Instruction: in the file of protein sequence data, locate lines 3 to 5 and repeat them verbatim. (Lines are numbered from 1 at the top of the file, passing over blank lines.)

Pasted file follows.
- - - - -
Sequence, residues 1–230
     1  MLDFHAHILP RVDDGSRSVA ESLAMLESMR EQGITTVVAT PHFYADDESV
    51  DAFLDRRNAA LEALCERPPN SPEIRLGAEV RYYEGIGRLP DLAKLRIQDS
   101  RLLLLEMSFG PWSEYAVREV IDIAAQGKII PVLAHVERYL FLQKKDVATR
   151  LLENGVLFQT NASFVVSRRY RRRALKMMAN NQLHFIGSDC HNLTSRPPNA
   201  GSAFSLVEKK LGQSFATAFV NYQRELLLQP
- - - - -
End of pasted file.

    51  DAFLDRRNAA LEALCERPPN SPEIRLGAEV RYYEGIGRLP DLAKLRIQDS
   101  RLLLLEMSFG PWSEYAVREV IDIAAQGKII PVLAHVERYL FLQKKDVATR
   151  LLENGVLFQT NASFVVSRRY RRRALKMMAN NQLHFIGSDC HNLTSRPPNA